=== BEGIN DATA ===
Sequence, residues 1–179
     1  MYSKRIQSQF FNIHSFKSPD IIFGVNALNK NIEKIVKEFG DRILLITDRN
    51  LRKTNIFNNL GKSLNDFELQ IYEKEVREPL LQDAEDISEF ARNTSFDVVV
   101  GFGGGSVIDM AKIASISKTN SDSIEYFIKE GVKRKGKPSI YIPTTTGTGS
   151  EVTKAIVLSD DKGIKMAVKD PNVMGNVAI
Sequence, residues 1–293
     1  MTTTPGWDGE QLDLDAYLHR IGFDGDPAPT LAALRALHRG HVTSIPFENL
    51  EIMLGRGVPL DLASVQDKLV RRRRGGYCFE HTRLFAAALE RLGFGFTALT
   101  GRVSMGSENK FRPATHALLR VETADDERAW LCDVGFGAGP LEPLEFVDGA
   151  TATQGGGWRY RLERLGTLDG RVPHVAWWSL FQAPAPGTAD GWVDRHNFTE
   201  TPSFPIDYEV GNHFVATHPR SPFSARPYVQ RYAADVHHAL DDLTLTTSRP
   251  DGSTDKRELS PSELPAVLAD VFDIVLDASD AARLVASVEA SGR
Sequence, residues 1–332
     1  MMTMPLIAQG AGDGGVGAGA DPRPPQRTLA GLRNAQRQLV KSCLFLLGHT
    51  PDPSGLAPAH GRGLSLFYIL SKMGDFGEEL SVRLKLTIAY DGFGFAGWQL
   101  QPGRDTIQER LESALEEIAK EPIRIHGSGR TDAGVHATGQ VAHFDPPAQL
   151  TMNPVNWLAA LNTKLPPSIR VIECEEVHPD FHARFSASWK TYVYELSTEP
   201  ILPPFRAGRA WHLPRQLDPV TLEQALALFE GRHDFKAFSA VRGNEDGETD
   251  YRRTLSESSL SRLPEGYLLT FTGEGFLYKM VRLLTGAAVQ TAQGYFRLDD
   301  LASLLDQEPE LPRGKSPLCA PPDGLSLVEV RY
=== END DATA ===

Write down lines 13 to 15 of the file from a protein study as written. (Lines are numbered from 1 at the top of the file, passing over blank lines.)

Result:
Sequence, residues 1–332
     1  MMTMPLIAQG AGDGGVGAGA DPRPPQRTLA GLRNAQRQLV KSCLFLLGHT
    51  PDPSGLAPAH GRGLSLFYIL SKMGDFGEEL SVRLKLTIAY DGFGFAGWQL